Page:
If you’re thinking about something, you have “a mind to” do it. So you might say, “I have a mind to go over to Tom’s house to help him work on his car, but I’m not sure when.”
What in the world do you think “piddle” means? For Southern folks, it means that you’re being lazy or procrastinating at a task. We’re sure that you have more than a friend or two who “piddles” around, right? It can also mean wasting something.
To use it in a sentence, you could say, “Would you stop piddling around back there and get it done?” Or even, “Jane was going to come out tonight but she piddled away all her money before Friday.”
“Happy As A Pig In Mud”
Are pigs happy when they’re in mud? This is something that city folks certainly know nothing about. When was the last time most West Coasters even saw a pig? Probably at the County Fair. For those who don’t know, yes, pigs are very happy when they are in mud.
So if you were to say, “Jimmy is as happy as a pig in mud at college” that means that Jimmy is very happy that he chose to go away to college.
“Dog Won’t Hunt”
Even if you’re not a hunter, you might be able to figure out what this Southern phrase means. “Dog won’t hunt” literally means that the dog won’t do his job to go hunting with his owner to find raccoons, birds, or other small animals.
As a Southern phrase, “dog won’t hunt” basically means “that won’t work.” This can be used as a response when someone provides an idea that you know won’t get you anywhere.
“If I Had My Druthers”
This Southern phrase originated from a 1950s Broadway musical depicting Southern life, called Li’l Abner. In the musical, poking fun at the lifestyle of the rural South, they used the phrase “If I had my druthers…”
This phrase basically means “If i had my way…” so you would say “If I had my druthers, this party would be over by nine and I’d be in bed by 10.” You likely won’t hear this phrase as commonly as some of the others on this list!
“All Get Out”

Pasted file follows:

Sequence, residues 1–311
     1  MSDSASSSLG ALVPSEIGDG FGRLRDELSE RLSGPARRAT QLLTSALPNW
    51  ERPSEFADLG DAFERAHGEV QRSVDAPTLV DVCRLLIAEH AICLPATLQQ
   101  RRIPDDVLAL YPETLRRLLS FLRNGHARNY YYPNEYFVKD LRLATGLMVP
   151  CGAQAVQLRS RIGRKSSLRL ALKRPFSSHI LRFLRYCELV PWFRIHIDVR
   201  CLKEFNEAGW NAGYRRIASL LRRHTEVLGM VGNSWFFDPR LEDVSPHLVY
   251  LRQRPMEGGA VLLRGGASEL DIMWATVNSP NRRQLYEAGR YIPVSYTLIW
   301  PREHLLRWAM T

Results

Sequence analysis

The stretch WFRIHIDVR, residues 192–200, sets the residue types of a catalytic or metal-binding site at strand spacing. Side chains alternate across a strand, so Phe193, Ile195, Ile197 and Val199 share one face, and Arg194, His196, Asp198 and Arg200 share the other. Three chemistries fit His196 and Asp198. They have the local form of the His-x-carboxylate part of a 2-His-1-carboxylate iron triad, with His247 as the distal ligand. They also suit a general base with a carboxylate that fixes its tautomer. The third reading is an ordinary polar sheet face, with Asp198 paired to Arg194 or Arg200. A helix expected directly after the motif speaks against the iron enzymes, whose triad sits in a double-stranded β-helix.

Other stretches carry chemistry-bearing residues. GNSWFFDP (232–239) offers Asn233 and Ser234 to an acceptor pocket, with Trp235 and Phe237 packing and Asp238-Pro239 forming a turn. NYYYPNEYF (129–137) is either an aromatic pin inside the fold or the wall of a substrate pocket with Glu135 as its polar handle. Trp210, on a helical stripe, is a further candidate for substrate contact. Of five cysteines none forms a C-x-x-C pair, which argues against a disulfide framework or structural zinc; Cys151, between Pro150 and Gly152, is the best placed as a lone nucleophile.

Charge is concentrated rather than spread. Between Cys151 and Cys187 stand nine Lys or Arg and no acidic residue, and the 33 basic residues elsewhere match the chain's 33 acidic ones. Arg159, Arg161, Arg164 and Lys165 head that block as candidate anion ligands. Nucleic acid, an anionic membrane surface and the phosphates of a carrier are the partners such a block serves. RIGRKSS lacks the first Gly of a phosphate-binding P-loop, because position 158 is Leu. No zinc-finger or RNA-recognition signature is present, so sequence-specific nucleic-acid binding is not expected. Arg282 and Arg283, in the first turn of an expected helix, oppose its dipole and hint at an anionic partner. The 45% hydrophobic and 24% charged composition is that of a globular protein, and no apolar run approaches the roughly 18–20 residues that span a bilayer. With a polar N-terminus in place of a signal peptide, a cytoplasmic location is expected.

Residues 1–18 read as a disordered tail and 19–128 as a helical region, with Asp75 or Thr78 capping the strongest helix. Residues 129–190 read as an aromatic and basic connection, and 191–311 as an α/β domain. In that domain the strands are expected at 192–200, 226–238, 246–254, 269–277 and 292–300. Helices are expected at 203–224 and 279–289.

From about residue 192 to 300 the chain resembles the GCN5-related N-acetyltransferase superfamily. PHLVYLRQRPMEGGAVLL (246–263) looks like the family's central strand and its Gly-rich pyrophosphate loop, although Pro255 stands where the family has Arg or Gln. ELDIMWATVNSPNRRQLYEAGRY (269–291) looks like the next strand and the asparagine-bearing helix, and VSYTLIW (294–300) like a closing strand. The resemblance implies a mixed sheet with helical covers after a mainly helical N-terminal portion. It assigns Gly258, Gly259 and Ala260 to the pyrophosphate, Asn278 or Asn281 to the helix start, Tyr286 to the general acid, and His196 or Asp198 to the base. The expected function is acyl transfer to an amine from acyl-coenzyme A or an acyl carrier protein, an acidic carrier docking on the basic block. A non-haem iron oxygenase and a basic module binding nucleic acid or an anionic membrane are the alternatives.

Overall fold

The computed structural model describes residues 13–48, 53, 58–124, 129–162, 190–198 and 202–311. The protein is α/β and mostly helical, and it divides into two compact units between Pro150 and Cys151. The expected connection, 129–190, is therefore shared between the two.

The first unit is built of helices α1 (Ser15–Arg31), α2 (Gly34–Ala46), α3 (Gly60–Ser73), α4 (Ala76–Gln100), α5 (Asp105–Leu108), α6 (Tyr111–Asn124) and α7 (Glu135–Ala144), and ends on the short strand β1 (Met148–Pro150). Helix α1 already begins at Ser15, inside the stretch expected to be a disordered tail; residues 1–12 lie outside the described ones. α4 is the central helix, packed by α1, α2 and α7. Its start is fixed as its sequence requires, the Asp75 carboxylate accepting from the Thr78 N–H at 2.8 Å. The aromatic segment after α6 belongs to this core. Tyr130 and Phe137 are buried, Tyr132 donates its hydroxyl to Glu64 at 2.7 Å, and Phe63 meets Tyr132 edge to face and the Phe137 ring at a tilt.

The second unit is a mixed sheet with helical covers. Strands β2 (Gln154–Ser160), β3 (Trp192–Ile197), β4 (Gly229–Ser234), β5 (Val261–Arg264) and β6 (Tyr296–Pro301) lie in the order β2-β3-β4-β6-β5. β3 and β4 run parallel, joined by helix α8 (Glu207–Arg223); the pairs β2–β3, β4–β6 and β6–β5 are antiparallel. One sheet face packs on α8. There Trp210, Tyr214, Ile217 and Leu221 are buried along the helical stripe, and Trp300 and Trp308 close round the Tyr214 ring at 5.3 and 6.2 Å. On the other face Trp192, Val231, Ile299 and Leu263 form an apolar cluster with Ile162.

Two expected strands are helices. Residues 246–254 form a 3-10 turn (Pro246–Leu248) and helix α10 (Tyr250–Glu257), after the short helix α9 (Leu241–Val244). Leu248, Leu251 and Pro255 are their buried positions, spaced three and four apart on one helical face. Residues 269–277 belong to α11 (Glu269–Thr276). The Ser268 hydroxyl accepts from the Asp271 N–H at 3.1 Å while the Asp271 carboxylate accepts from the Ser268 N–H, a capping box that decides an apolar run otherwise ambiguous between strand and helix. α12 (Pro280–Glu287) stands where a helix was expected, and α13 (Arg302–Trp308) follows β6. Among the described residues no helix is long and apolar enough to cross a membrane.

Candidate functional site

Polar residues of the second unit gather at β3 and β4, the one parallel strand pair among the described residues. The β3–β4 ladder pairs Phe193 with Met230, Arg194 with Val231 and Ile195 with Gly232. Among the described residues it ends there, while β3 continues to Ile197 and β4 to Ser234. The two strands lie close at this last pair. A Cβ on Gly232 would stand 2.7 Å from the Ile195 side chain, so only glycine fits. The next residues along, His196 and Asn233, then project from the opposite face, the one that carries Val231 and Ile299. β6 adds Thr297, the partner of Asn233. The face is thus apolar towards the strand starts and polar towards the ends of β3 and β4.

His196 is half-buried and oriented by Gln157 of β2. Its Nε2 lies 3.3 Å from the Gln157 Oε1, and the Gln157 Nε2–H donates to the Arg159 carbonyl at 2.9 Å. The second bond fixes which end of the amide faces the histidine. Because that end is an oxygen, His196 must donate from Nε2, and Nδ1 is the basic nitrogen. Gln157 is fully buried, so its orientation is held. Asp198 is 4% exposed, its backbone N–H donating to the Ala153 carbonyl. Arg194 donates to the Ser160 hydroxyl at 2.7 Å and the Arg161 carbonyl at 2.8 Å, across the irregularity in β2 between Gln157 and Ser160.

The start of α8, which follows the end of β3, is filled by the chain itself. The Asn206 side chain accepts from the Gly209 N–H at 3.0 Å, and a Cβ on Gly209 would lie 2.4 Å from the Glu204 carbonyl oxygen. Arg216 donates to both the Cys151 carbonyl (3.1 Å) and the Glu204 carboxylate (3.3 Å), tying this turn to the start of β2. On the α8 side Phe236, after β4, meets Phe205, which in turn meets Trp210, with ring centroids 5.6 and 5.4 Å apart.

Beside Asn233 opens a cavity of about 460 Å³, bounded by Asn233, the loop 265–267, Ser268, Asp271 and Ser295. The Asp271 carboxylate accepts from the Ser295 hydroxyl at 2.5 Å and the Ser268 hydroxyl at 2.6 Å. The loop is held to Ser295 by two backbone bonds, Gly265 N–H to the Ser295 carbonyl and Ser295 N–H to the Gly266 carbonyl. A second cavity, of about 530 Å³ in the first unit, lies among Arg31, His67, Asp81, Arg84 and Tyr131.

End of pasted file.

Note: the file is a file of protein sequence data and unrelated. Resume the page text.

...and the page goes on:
“All get out” is a Southern phrase that means something along the lines of the most extreme example, the ultimate. It’s a phrase that you can use throughout the day in a lot of instances, though, so you might want to adopt this one!
You could say, “I’m hungry as all get out.” Or, “that concert was as good as all get out.” You’re basically saying that whatever it is, it’s the maximum.
You’ve heard this one before, right? “Gumption” is a word that’s been carried over and used by many people, but it originated from the South. If someone tells you that you have gumption, it means that they think you are bold and courageous.
This isn’t used in a negative way, as if you foolishly carried out something with bravado, but rather a compliment, that someone admires your bravery. Add this one to your vocab!
“I declare” is a phrase that you would insert at the beginning of a sentence. You can basically use it in any sentence, but when you do, it means that you strongly believe whatever you follow it up with.
So if you say, “I do declare, it is hot today!” You’re saying it’s really hot. Or if you say, “I do declare, this is some good chicken you cooked” you’re giving a compliment, saying this is really good chicken.
“Living In High Cotton”
Most know that the cotton industry started in the South and is embedded in the roots of Southern culture. There are plenty of cotton fields in the South, and Southerners know that the higher the cotton bush is, the more cotton it will produce, and hence, more money.